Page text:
Meal kit sales will sharply decelerate this year, report predicts

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Emma Hayes

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Dive Brief:

  • After a surge in sales spurred by the pandemic, the meal kit market is now decelerating, but is expected to outperform the total U.S. grocery market, according to a new report from Coresight Research.
  • The research and advisory firm predicts that the meal kit market’s growth rate will drop from almost 70% in 2020 to 18.2% in 2021. Meanwhile, overall U.S. grocery market sales will decline by 2.8% this year, while online food and beverage sales will grow by 11%, Coresight expects.
  • The report predicts slower growth in coming years than previous research from other firms as meal kits tackle increasing competition. 

Dive Insight:

After years of fighting to win over customers and keep them buying for more than a month at a time, meal kit makers got a reprieve during the pandemic as people were forced to shop online and cook at home more often.

Now, with consumers returning to stores in droves and e-commerce sales declining, meal kit makers are facing a sharp decline in business this year, but should be able to maintain double-digit sales growth over the next few years, according to Coresight. The firm predicts industry sales will top $10 billion by 2024.

That growth will go to fewer companies than in years past as the meal kit industry has consolidated. Coresight reported HelloFresh and Sunbasket combined accounted for more than half of the U.S. meal kit market last year. Blue Apron, which accounted for roughly 34% of the market in 2017, fell to 8% market share in 2020 after a brief burst of profitability as its struggles continued.

HelloFresh, the market share leader in the industry with more than 42% of sales, has acquired companies like Green Chef and Factor75 to boost its standing. The company recorded positive operating margins in 2020, Coresight noted.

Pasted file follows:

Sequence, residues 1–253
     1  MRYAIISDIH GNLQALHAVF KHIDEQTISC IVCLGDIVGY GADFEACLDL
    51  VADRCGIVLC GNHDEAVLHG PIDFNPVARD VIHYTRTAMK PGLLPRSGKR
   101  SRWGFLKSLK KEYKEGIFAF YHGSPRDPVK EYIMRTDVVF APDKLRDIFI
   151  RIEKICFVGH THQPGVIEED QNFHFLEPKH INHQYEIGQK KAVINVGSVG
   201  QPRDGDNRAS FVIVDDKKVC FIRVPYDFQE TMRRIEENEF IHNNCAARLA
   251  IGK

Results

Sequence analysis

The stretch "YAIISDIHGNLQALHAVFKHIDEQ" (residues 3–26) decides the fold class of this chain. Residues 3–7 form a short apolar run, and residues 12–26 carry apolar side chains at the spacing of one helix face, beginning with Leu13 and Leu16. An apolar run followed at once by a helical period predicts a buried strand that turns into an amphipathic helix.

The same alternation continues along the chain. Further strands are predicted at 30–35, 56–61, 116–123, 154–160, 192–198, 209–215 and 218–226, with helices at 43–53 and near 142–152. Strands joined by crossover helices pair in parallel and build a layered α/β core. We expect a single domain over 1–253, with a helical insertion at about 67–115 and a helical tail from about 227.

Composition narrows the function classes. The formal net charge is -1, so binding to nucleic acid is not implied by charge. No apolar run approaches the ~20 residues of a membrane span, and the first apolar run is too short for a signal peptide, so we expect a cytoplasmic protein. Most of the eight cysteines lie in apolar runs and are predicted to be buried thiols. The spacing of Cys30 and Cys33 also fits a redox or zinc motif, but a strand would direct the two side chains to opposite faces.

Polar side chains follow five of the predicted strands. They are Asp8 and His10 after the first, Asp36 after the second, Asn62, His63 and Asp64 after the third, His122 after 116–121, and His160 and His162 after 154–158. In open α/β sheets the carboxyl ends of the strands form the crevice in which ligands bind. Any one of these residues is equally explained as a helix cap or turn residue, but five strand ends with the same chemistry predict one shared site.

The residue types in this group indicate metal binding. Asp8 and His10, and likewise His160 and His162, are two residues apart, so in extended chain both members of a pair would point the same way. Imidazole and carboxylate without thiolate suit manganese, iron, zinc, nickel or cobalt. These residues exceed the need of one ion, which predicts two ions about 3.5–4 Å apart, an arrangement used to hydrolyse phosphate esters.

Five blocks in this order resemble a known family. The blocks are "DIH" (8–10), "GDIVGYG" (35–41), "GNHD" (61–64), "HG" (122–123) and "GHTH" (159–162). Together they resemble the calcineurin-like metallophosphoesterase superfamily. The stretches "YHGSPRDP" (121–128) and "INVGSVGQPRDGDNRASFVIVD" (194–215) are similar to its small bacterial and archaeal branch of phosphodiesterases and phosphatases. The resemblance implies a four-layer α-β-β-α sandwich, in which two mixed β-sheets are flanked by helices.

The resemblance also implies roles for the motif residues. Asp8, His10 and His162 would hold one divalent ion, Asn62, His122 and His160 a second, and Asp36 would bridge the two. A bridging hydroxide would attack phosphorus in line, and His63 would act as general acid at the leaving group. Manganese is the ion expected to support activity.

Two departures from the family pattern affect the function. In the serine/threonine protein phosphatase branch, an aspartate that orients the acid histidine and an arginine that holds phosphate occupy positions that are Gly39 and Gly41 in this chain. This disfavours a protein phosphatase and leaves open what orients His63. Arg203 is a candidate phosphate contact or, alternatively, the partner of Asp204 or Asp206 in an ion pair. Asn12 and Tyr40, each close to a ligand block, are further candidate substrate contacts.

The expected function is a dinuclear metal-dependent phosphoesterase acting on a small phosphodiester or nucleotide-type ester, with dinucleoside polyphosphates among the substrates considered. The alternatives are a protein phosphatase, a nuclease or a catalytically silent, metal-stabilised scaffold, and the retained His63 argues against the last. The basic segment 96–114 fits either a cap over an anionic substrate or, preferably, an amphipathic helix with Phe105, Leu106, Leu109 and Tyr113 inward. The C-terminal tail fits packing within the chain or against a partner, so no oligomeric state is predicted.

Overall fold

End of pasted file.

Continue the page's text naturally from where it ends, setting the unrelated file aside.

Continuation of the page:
Companies are also focusing on product innovation and new offerings as they stare down the familiar challenges of low customer retention and high marketing costs, the research firm reported. Blue Apron has launched add-ons, like appetizers, side dishes and desserts. Sunbasket has ventured into full-service food delivery and refreshed its branding. Meanwhile, Freshly has rolled out a lower-carb line and also limited edition, chef-made meals.

Expanding their geographic footprint is another option. For example, HelloFresh plans to bring its U.S.-only brands into international markets.

Home Chef, the Kroger-owned meal kit company, is rapidly expanding its lineup of prepared and heat-and-eat products like pizza and soup. The company, which now has products in more than 2,100 Kroger stores, recently named a new president and chief people officer.

For several years, the saturated meal kit space has been fighting for consumers’ dollars with restaurants and grocers, which have increasingly ramped up their prepared foods offerings and added more ready-to-cook meals

Coresight’s report positions meal kit projections lower than previous estimates from other firms. In late 2020, Statista published predictions that meal kit sales would more than double from 2017 to 2022, hitting $11.6 billion in the U.S. By contrast, Coresight expects sales to be $7.7 billion next year, up from $6.9 billion in 2021. 

By 2024, Coresight forecasts annual growth to be just above 11% with total sales at $10.2 billion — roughly half of the almost $20 billion level Grand View Research forecasted last spring that the meal kit delivery service market could reach by 2027.



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Emma Hayes

There I was in a hot yoga studio with plenty of bright natural light and bending myself into pretzel like positions for the very first time.

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